MW | whitehot contemporary art magazine
Andrew Erdos and John Drue S. Worrell: Working on a spinning rock
11 Newel Gallery
Until February 20, 2022
By WMFebruary 2022
Andrew Erdos and John Drue S. Worrell’s duo exhibition “Work On a Spinning Rock” ends February 20. Juxtaposed in the space of 11 Newel Gallery, their respective works represent two distinct trends in contemporary sculpture.
Erdos, a Brooklyn-based artist trained in traditional glassblowing, lets the process define his sculptural work. His work is inspired by his many observations of geological formations while seeking a metaphorical harmony between nature and the modern world.
In Erdos’ words, he lets the process define the sculpture. This is best seen in his cast aluminum pieces “Aluminum Slabs” and “Small Dinosaur”, where liquefied aluminum is poured onto glass. The end result is an organic piece that showcases the power and beauty of the process.
Erdos also uses more traditional glass blowing techniques to create shaped and structured pieces. These are exemplified in his Moon Jars, an interpretation of a traditional form of pottery in various cultures around the world. However, unlike porcelain classics, Erdos’ jars are a striking palette of gray and black as he uses volcanic sand to create his take on the art form.
Perhaps the most striking of his Moon Jar series are a pair of round, colorful animals with clear inspiration from Jeff Koons. “Gold Animals with Silver Legs” and “Frosted Silver Animal” highlight Erdos’ glass skills and affinity for rare earth metals. They are a whimsical addition to the space.
By contrast, the works of John Drue S. Worrell combine a warm blend of comic book reference and rural culture. A dark, comedic nihilism drawn from cartoon violence seeps into his work, often portraying popular characters such as in “Letter Opener (BURNS)” and “Rug.” With these pieces, Worrell sought to extend surrealist qualities and regurgitate their meaning into a formal context of sculpture and painting. He also draws inspiration from his early childhood and life in Indiana, including farm equipment, as in “Satellite Harvest”, weather vanes, and local animals like roosters and ibexes.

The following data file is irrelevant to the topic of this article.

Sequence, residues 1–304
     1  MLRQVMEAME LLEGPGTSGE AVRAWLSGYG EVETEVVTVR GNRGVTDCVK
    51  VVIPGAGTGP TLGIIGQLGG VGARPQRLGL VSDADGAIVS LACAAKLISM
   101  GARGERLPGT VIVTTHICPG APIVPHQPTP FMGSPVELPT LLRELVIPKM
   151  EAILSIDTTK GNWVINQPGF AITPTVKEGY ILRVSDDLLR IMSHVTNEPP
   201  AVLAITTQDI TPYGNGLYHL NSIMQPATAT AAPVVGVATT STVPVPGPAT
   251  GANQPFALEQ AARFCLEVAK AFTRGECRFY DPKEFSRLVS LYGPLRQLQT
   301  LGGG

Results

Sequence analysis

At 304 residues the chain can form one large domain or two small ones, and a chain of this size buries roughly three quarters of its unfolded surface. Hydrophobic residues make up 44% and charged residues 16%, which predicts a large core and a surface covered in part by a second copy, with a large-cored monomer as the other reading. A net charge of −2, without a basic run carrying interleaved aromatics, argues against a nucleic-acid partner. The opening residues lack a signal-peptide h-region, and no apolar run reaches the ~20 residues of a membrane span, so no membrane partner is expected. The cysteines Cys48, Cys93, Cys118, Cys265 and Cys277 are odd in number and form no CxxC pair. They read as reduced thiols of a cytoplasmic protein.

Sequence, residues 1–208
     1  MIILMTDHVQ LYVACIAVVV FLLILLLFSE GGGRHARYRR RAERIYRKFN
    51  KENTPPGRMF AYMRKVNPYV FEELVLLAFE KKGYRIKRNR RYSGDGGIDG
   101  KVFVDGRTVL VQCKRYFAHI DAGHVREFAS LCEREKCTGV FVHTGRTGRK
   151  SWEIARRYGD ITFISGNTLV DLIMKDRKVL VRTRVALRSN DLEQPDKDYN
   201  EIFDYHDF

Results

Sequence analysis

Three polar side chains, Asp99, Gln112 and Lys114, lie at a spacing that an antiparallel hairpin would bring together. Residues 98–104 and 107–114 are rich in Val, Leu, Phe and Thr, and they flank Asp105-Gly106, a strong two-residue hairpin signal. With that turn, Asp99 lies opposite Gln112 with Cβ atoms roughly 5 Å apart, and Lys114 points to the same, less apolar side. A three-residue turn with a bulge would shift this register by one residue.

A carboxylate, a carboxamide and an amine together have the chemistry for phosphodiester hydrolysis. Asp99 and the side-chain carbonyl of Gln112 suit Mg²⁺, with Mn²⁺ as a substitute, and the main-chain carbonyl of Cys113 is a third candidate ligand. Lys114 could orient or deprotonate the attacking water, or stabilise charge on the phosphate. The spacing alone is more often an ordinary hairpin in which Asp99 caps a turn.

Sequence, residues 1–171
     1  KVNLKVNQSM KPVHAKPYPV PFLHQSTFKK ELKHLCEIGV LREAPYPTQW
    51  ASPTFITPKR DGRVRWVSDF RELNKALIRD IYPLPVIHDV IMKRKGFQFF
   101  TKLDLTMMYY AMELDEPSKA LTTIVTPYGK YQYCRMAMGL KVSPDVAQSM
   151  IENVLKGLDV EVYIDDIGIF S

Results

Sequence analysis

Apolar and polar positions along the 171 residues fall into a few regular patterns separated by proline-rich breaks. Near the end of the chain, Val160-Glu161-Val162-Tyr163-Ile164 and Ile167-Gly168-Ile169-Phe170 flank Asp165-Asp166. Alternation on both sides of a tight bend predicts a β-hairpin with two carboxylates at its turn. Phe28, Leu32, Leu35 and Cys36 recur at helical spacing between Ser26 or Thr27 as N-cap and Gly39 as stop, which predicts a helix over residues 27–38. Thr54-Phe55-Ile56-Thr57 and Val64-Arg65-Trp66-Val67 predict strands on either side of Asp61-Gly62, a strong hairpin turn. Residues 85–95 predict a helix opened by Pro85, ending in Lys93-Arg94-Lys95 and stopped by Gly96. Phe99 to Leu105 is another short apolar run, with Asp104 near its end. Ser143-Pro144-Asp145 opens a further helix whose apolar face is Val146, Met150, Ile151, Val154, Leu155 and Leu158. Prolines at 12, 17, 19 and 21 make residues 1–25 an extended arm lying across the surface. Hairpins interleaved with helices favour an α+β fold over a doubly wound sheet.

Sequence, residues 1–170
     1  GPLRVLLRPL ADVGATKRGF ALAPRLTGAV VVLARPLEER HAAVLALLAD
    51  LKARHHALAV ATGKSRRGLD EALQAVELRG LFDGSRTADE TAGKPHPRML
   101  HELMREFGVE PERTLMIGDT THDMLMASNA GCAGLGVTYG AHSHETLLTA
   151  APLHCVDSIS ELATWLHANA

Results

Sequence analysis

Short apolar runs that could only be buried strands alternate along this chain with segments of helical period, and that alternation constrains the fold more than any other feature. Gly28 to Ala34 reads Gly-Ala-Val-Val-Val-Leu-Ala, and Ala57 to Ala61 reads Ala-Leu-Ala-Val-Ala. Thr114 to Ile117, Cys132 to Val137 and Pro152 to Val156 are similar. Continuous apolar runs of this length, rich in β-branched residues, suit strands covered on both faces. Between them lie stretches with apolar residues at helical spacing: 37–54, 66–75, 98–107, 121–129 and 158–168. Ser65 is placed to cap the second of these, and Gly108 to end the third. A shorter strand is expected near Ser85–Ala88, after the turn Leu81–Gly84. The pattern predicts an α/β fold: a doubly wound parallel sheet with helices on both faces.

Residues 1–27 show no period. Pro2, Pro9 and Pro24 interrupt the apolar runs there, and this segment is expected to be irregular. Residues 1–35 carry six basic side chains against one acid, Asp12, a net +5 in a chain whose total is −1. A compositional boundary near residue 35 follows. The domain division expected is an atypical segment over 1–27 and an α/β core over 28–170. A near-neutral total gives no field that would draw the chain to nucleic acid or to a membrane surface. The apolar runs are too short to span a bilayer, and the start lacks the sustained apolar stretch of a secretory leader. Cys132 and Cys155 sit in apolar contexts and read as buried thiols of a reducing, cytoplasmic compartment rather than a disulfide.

In the main hall of space, Worrell adopts the formidable silhouette of the Indominus Rex from the Jurassic Park franchise. Hollywood’s “indomitable king” has been transformed into a hand-drawn weather vane. In what would traditionally be a rooster’s stance, the bellowing dinosaur has been tamed, with a small rooster atop it.
Another striking piece is his take on the big bad wolf in the same room. Rather than a snarling, anthropomorphized lupine, Worrell’s wolf is a cast iron skull of the animal with a red string running through its mouth. The rope acts like a U around the animal’s muzzle, with a white boot at each end.
However, it is Worrell’s commentary on social class in the main piece that sticks with the viewer. Three massive heads of The Simpsons villain Mr. Burns rest on heavy rusty doors on the floor. The decapitated heads are brightly colored, with spots and blotches of green, purple, and gray. They are each impaled on a matching letter opener in the same color as the speckles. The three heads feature a stabbed eye with a wooden rod.
Worrell’s work, like that of Erdos, is something that quickly captures the eye of the beholder. The works of the two artists complement and oppose each other in space. WM